Beijing is scrambling to track and contain a new outbreak that has raised fears of broader contagion. While some limits were imposed, the authorities did not turn to the kind of widespread strict lockdowns introduced in January after the coronavirus emerged late last year in the city of Wuhan. The change is in part a recognition that it is not feasible to shut down societies for the duration of the pandemic, which shows no signs of disappearing.
In Afghanistan, which is grappling with a rapidly growing outbreak and a raging war, a spokesman for the U.S. Embassy said on Saturday that infections had spread among diplomats, contract workers and local employees. The spokesman offered no numbers, but The Associated Press reported up to 20 cases.
The removal of Spain’s state of emergency, which will officially take place at midnight, means that the country’s 47 million residents will be free to travel within the country, and international arrivals will no longer be required to quarantine. Other restrictions remain, including limits on the numbers of people allowed inside cafes and shops. Masks remains compulsory nationwide in public places, including on mass transit. Spain registered 40 coronavirus deaths and about 1,500 new infections in the past week, a huge drop from early April, when deaths rose by more than 900 a day.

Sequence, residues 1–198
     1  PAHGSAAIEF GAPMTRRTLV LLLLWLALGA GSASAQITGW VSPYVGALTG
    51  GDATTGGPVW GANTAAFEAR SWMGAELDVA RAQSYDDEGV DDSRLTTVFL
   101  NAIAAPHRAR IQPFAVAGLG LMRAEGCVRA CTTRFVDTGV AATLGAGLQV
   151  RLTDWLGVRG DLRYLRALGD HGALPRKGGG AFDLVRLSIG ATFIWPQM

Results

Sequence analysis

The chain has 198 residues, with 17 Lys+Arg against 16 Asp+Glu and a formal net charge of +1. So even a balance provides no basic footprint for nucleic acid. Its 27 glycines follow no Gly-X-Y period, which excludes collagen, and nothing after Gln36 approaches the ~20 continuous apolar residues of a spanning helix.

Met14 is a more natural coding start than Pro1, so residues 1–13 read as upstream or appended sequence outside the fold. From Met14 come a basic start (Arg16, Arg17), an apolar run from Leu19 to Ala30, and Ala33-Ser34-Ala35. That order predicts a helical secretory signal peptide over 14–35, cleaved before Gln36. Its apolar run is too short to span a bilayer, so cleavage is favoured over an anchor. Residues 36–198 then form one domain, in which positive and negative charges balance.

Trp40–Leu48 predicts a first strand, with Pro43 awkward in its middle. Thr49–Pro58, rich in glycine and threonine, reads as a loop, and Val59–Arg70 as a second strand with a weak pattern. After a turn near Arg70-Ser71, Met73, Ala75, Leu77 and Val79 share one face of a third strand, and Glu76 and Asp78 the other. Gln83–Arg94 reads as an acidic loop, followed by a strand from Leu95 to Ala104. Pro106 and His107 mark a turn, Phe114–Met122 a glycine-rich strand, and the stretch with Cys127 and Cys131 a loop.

Saudi Arabia is set to lift a nationwide curfew on Sunday morning, allowing “all economic and commercial activities” to restart, the state-run SPA news agency reported on Saturday, despite a resurgence in infections since the kingdom began reopening over the last several weeks. Nearly 4,000 new cases were reported on Saturday, bringing the total to 154,233. Large gatherings, international flights and land entries are banned.
Concerns that President Trump’s rally in Tulsa, Okla., on Saturday night could spread the coronavirus were amplified hours before the event, when his campaign acknowledged that six staff members working on the rally had tested positive.
“Six members of the advance team tested positive out of hundreds of tests performed, and quarantine procedures were immediately implemented,” said a campaign spokesman, Tim Murtaugh. “No Covid-positive staffers or anyone in immediate contact will be at today’s rally or near attendees and elected officials.”
There have been at least 10,037 cases of the coronavirus in Oklahoma, according to a New York Times database. As of Saturday afternoon, at least 368 people had died.